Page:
This week is the beginning of the celebrations of International Womens Week so I have highlighted some of the very few events going on that actually reflect the origins of IWD. It was two German socialist women, Luise Zietz and Clara Zetkin, who created International Women’s Day to offer hope to working class women that they could collectively get together with other women (and men) to improve their lives. It was first celebrated on 19 March 1911.
In 2015 IWD has become a series of events that mainly concentrate on addressing the issues of middleclass women, most of the events, and that includes one about Sylvia Pankhurst (great socialist feminist) do not address the reality of lives for most women today including benefit sanctions, foodbanks, zero hour contracts, debt….etc.
Most of the events would have happened anyway, there is no event organised by trade unions or the left, our celebration of the life of Mary Quaile is sponsored by trade unions and is the only one that reflects the true spirit of internationalism and socialism. Here are some other events worth attending……….
Os Fenomenos a Spanish film about a single mother who is also a construction worker, as she is abandoned by the father of her child, she returns to Galicia, her hometown. The film reflects the bigger issues in Spain of the economic crisis and the destruction of the construction industry. You can discuss these issues with the director after the screening. see a trailer (in Spanish) at
North Country Bred. A Working Class Family Chronicle by C. Stella Davies. She was born in 1896, the fourteenth child of a warehouse labourer who went onto to become a commercial traveller. She left school at 12, worked as a telephone operator in Manchester and was active in the Labour Party. She was involved with the General Strike and progressive organisations such as the Clarion and the WEA. Eventually she obtained a PHD and wrote several books. This is not an autobiography it is a story told from the inside about working class peoples’ lives and the effect of massive change such as the Industrial revolution and the conflict arising from working class peoples’ determination to shape their own future. Sadly the book is now out of print but you can try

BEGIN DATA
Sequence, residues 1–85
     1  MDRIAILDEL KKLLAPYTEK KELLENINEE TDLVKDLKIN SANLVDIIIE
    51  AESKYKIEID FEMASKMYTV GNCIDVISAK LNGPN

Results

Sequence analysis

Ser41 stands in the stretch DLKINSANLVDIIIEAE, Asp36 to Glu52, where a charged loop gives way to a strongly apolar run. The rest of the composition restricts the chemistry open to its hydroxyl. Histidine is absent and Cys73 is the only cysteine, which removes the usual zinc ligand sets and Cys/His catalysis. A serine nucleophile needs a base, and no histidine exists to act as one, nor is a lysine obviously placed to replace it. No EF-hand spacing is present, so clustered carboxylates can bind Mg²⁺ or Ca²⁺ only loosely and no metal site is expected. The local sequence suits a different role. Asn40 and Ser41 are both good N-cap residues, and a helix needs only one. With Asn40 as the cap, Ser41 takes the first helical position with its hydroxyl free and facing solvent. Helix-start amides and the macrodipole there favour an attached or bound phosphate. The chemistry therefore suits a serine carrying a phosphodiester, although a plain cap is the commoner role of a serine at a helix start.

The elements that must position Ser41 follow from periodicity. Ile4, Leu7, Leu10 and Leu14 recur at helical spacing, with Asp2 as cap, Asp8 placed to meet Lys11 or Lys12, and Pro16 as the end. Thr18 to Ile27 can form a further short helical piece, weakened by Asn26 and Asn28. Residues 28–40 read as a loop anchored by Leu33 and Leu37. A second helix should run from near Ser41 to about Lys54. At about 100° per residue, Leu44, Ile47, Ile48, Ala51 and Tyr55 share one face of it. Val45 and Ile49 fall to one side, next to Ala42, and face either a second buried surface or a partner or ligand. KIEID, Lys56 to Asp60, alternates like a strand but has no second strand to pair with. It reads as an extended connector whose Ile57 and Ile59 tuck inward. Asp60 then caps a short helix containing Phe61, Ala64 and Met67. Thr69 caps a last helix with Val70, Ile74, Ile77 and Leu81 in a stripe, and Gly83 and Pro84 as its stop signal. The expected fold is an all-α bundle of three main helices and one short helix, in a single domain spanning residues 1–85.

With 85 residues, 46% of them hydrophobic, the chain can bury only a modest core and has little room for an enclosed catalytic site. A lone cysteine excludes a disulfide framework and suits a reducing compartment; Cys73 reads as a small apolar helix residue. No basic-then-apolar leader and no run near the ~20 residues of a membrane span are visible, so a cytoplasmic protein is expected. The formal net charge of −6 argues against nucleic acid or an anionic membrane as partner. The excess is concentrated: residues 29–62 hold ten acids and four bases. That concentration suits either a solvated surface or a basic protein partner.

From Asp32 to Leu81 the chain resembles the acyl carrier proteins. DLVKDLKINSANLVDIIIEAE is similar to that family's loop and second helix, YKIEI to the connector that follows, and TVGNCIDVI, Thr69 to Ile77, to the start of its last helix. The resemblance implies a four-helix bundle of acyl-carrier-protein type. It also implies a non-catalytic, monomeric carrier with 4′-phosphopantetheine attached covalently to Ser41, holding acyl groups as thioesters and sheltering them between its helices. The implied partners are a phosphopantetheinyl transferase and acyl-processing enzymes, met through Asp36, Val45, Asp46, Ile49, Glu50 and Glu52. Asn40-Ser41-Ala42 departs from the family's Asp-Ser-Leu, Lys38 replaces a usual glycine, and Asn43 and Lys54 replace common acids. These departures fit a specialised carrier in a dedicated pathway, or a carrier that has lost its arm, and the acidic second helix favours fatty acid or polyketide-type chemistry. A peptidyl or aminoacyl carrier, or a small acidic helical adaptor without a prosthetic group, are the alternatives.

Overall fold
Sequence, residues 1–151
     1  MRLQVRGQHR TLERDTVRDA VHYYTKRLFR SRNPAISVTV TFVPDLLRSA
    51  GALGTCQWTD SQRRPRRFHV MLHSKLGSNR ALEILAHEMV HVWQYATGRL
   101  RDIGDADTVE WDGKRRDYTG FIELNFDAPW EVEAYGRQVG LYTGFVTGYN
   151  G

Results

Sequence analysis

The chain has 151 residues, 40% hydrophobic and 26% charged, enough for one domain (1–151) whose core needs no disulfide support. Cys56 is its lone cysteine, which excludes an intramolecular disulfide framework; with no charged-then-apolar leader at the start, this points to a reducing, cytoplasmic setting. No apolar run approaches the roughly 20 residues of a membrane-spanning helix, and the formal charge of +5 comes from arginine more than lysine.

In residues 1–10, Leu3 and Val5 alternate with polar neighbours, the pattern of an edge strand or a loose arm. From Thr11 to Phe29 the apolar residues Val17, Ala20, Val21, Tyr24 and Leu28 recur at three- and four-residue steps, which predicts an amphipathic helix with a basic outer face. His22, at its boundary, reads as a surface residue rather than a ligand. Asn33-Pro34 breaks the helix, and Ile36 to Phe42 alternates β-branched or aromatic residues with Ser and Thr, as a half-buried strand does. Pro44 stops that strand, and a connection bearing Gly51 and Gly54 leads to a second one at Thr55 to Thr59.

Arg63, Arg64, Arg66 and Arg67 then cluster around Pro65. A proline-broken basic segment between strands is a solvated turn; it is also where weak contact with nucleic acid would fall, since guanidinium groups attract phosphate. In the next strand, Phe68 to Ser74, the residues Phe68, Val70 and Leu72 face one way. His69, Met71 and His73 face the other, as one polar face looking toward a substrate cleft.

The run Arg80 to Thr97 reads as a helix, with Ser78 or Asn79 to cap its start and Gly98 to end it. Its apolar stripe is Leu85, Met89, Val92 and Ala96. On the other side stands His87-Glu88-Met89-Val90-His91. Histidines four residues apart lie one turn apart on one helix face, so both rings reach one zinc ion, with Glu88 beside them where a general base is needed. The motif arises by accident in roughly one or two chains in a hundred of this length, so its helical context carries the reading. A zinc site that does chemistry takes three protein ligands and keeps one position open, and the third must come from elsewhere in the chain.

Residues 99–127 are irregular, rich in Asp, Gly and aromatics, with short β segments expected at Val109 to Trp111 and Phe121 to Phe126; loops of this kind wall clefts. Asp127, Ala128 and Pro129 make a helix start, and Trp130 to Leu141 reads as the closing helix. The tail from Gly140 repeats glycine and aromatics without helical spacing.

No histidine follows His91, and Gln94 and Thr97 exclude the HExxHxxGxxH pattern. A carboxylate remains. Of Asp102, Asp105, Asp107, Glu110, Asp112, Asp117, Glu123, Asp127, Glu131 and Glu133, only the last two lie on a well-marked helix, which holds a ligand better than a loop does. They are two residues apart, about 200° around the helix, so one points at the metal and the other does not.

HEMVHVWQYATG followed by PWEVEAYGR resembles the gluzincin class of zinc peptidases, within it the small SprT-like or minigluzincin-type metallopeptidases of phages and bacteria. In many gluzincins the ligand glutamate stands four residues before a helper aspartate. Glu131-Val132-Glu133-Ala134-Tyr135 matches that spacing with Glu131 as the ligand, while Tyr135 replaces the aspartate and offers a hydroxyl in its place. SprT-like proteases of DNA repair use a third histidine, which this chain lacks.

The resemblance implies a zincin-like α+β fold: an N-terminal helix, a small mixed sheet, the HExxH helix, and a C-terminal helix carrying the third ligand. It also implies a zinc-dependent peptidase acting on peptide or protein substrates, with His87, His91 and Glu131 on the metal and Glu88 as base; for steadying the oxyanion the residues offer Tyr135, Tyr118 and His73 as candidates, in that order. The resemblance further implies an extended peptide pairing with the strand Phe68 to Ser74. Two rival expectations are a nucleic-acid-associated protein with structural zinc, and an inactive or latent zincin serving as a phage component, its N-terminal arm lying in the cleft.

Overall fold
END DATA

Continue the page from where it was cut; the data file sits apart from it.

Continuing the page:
the fashion industry and what not to wear. Tansy Hoskins new book “Stitched Up-the Anti-Capitalist Book of Fashion” reveals the exploitative nature of the industry from the overpaid and dodgy designers to the poorly paid and exploited female and male workers abroad. It is not just about reading about how bad everything is but it challenges you to do something. Local ballad singer Jennifer Reid will be performing songs from the archive of the wcml. More details see
an interesting blog by Lorna, a member of the RMT and railway worker. She is an activist, at work, and in LGBT, and is standing for the Green Party in the election. It is wonderful to see the spirit of Bob Crow expressed through his members, particularly the younger end of the age profile. Follow Lorna at
“With Banners Held High” is an event to commemorate the end of the Miners Strike in March 1985. There are speakers, exhibitions, music, drama and films to remember and inspire people to get involved in present day campaigns. Its all happening in Wakefield on 7 March further details see
…Still We Rise an exhibition about women seeking sanctuary in the UK. Through photographs, dance, song, and drama they tell their story of injustice but also one of determination and resistance to their harsh experiences at the notorious Yarl’s Wood detention centre. There is also a performance by the women on the 14 March see